In Specific Aim 2, we will design a molecular inversion probe (MIP) panel for resequencing promoter/exons/miRNA/regulatory elements within the target regions defined in Aim 1;identify all variations using MIP capture coupled with deep NextGen sequencing and define candidate genes by evaluating the associations of functional rare/common variations with ARDS susceptibility and outcomes using variation aggregation methods.
In Specific Aim 3, we will replicate the top-ranked genes by NextGen sequencing in a large collaborating external population with a similar study design. The project has the potential to have a high impact on our understanding of genetic factors for ARDS risk and survival outcomes.

Public Health Relevance

Acute respiratory distress syndrome (ARDS) is a common, devastating clinical syndrome caused by several direct and indirect insults to the lung, most commonly pneumonia, sepsis, and multiple traumas. This multidisciplinary competing renewal application will focus on rapidly advancing our knowledge of the genetic factors for the development of ARDS. With the completion of this project, we expect to advance our knowledge of the risk for development of ARDS and associated outcomes (especially survival) from GWAS-defined genomic loci to causal mutations in candidate genes;results will contribute significantly to our understanding of the pathogenesis of ARDS, the identification of novel targets for therapeutic intervention, and the use of novel markers for stratification of patients at risk for ARDS and related poor outcomes such as death or prolonged mechanical ventilation.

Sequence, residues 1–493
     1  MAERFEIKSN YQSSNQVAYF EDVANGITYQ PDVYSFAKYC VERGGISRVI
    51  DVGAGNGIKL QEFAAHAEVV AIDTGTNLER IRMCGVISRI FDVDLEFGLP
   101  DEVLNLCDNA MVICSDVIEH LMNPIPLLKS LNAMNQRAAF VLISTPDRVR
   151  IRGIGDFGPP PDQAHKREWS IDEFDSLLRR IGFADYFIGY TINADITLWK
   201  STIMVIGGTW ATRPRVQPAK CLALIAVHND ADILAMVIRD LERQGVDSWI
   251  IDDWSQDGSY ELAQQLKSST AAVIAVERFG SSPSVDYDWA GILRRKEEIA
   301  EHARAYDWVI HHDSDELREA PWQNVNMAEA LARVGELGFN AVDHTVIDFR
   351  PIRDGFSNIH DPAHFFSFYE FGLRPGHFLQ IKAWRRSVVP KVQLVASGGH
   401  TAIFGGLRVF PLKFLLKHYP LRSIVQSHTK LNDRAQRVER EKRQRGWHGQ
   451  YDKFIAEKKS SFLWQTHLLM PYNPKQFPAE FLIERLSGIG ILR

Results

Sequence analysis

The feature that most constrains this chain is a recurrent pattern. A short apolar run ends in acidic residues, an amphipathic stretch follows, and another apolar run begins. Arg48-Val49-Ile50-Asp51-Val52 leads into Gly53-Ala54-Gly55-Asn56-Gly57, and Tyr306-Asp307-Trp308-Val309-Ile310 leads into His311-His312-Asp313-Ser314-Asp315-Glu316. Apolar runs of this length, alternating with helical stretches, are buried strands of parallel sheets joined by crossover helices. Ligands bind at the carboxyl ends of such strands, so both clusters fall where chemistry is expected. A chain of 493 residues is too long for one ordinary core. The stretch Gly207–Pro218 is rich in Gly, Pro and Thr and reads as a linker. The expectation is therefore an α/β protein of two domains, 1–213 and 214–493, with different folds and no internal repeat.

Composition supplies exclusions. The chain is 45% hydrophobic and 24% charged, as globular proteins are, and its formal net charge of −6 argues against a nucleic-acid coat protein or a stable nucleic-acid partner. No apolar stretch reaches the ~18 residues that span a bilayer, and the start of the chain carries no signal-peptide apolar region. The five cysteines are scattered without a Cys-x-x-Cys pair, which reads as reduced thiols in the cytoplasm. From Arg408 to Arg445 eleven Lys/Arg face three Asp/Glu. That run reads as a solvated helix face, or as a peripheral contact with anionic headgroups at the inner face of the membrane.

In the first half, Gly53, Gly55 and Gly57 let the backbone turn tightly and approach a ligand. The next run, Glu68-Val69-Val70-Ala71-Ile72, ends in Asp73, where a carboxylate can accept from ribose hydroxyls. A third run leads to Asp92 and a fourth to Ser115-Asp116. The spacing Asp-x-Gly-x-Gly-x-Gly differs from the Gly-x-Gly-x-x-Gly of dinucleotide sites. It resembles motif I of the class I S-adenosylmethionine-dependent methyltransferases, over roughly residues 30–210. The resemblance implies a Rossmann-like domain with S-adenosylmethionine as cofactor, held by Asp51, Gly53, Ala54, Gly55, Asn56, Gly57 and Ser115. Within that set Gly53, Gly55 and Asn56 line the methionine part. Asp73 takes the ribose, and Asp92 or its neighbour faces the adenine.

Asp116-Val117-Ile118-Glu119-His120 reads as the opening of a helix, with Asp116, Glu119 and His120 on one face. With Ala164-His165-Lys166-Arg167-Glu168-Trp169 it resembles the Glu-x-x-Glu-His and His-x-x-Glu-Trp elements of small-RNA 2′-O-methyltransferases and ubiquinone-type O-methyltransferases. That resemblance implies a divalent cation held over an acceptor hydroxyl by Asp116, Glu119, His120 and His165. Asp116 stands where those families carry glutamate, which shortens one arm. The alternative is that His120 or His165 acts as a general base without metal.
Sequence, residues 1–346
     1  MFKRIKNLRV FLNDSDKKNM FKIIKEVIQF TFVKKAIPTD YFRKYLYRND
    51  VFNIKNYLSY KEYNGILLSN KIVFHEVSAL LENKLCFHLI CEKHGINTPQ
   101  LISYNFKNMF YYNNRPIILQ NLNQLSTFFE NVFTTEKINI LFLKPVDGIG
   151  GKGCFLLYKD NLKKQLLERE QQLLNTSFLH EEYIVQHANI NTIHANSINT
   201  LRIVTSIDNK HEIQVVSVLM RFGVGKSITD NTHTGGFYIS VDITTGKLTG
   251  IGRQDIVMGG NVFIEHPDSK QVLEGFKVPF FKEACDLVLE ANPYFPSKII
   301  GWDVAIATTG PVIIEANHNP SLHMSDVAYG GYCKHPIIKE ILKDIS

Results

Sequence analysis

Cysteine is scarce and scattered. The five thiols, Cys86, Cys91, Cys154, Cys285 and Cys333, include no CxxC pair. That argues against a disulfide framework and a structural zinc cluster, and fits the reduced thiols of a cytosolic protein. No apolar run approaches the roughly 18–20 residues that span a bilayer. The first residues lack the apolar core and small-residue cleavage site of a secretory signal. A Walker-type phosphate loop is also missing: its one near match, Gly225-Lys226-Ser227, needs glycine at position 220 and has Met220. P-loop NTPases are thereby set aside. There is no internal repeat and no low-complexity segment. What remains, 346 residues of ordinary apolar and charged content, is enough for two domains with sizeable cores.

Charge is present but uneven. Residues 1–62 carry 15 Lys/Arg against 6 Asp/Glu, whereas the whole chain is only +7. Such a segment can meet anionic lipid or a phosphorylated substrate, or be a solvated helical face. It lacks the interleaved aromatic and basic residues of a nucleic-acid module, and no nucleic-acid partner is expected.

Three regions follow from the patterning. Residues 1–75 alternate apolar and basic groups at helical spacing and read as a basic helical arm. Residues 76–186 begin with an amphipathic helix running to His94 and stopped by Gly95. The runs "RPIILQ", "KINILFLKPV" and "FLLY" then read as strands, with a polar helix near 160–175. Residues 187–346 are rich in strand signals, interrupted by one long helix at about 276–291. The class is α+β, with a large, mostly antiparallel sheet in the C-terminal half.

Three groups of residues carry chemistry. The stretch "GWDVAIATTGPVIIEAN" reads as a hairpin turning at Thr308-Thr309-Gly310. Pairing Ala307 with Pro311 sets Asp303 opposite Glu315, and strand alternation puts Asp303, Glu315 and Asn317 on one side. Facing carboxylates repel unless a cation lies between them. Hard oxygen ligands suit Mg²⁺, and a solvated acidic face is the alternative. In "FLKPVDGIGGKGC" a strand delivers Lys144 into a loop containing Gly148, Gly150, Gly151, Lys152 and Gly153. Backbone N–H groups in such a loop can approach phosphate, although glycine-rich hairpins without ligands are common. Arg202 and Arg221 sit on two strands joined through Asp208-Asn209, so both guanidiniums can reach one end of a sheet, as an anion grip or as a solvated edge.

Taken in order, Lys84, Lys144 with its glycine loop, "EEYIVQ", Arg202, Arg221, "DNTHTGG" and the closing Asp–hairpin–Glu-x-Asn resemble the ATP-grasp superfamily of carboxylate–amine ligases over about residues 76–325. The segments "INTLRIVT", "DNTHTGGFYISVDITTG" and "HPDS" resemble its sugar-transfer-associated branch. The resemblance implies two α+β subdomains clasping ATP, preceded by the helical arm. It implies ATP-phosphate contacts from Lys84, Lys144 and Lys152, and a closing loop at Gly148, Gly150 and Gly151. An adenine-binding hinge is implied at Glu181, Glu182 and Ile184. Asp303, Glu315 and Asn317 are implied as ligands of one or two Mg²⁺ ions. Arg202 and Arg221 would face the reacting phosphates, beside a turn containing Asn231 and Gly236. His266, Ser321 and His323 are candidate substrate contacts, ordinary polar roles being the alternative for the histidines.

Agency
National Institute of Health (NIH)
Institute
National Heart, Lung, and Blood Institute (NHLBI)
Type
Research Project (R01)
Project #
5R01HL060710-12
Application #
8669031
Study Section
Infectious Diseases, Reproductive Health, Asthma and Pulmonary Conditions Study Section (IRAP)
Program Officer
Harabin, Andrea L
Project Start
2000-02-01
Project End
2016-05-31
Budget Start
2014-06-01
Budget End
2015-05-31
Support Year
12
Fiscal Year
2014
Total Cost
Indirect Cost
Name
Harvard University
Department
Public Health & Prev Medicine
Type
Schools of Public Health